Vladimir Zharikhin, deputy director of the CIS Institute:

”We must definitely be a part of the European civilization, but not the supplier of energy resources for the European economy. Respecting great achievements of the European civilization one should not forget the history of mean European politics towards Russia. Therefore, Russia is supposed to consider other directions of cooperation – with China and India, first and foremost.

”The cooperation with the West on the post-Soviet space is possible, only if our strategic interests coincide. Russia must determine its strategic interests on the post-Soviet space first. Such things do not happen, however, that is why Russia views any Western activity on the post-Soviet space as interference in its internal affairs. There was the only exception – the operation in Afghanistan, which was good for both Russia and the West at that time. As for other cases…even Ukraine, for example. Why does Russia need Ukraine? I not talking about spiritual and cultural matters here, which obviously need to be developed and strengthened. I mean the Ukrainian economy, which consumes Russian resources at very low prices.

”Uzbekistan, Georgia, Latvia and Ukraine are all different countries, of course. If Russia is going to deliver its energy to Europe only, Ukraine and Belarus will be the key partners and one may forget about Central Asia. On the other hand, if Russia prefers to develop ties with such prosperous giants as China and India, Central Asia will be the key region at this point.”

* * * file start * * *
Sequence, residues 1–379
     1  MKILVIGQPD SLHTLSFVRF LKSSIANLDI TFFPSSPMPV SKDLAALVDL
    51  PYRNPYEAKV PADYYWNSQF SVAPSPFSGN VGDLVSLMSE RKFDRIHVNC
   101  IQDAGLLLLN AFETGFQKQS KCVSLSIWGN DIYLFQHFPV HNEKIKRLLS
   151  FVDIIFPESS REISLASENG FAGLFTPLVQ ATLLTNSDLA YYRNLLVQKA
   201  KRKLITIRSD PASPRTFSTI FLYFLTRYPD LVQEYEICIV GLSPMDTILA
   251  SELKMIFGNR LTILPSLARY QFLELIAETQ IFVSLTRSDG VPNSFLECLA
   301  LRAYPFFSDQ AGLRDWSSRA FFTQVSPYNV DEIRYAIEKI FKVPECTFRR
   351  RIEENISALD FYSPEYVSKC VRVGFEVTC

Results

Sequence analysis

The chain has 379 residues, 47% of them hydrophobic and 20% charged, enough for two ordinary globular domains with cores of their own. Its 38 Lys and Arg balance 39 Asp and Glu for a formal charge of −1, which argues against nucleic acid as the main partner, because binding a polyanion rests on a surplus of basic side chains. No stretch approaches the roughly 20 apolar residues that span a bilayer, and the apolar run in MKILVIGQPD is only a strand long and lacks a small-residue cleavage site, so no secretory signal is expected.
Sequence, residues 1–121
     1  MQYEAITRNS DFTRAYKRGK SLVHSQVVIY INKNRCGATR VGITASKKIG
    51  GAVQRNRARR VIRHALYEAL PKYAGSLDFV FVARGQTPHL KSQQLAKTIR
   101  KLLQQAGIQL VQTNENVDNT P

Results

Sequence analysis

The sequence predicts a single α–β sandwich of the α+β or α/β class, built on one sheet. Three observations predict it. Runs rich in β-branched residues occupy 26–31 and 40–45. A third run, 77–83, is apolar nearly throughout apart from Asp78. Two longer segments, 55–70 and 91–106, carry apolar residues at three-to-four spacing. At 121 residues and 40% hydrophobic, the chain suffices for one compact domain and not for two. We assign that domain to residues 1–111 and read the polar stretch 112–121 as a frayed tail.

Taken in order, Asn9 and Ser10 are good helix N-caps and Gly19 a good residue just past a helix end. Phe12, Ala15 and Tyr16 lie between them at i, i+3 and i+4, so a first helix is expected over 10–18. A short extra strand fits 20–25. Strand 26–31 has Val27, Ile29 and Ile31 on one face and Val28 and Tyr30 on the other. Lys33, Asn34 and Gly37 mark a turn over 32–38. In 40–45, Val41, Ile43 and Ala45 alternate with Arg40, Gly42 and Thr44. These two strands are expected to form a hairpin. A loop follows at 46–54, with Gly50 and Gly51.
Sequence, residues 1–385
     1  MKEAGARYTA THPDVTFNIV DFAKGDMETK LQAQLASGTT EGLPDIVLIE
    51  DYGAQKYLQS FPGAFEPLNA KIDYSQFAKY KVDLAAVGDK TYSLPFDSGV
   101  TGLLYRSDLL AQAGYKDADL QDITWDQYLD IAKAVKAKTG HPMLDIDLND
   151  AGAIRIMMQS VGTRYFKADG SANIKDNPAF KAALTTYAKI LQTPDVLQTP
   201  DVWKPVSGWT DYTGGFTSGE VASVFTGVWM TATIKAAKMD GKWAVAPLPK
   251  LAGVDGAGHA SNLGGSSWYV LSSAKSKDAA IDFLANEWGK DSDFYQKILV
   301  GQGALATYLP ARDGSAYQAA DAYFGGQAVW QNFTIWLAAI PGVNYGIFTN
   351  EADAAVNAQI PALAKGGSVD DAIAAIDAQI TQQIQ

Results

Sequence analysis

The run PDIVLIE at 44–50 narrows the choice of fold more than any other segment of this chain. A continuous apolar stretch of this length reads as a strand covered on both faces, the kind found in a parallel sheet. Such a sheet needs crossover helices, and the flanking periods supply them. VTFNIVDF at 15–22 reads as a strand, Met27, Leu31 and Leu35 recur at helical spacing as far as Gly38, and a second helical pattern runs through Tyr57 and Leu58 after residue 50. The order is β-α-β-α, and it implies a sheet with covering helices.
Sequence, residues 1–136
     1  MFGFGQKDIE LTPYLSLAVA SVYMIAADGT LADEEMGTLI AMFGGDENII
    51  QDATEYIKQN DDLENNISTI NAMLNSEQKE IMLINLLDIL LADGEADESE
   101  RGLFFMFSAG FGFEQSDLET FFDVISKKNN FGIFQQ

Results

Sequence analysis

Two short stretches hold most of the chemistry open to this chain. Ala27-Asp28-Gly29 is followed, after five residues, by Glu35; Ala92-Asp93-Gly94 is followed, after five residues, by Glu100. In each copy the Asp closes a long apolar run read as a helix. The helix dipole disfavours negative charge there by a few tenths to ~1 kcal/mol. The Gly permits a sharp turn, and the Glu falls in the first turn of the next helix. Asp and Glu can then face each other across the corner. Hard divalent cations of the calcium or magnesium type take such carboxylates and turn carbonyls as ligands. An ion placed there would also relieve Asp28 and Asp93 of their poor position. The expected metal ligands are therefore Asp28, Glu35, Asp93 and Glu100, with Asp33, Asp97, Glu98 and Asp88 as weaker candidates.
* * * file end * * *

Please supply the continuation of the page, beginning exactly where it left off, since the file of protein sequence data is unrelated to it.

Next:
Vladimir Razuvayev, the General Director of the Center for Economic and Political Research:

”I believe that the Russian administration has realized that Russia can be considered a superpower from the regional point of view. Russia should concentrate on the relations with its neighbors and on its internal development. It is obvious that Russia cannot oppose the West even on the territory of its neighboring and friendly states. Therefore, it is important to coordinate policies in the CIS with the European Union and the USA. Russia may benefit a lot from it and lose practically nothing. One may obtain additional influence in the Caucasus, in Ukraine and in Central Asia.”

Valery Khomyakov, the Director of the Agency for Applied and Regional Politics:

”The politics, which Russia has been running during the recent 18 months on the post-Soviet space and mistakes, which it made with Ukraine, Abkhazia, Kyrgyzstan, Georgia and Belarus, have made Russia isolate itself from the West. Russia's relations with the republics of the former Soviet Union were different during Boris Yeltsin's stay at power. The Yeltsin's administration did not understand what they could do on the post-Soviet space, but there was more partnership with former Soviet republics back then. The post-Soviet space exists as something single, which includes not only former Soviet republics, but also the Baltic states, whether they like it or not, and even former socialist states in Eastern Europe. However, Russia should develop different approach to each of those states.”

Vadim Trukhachev

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Author`s name Olga Savka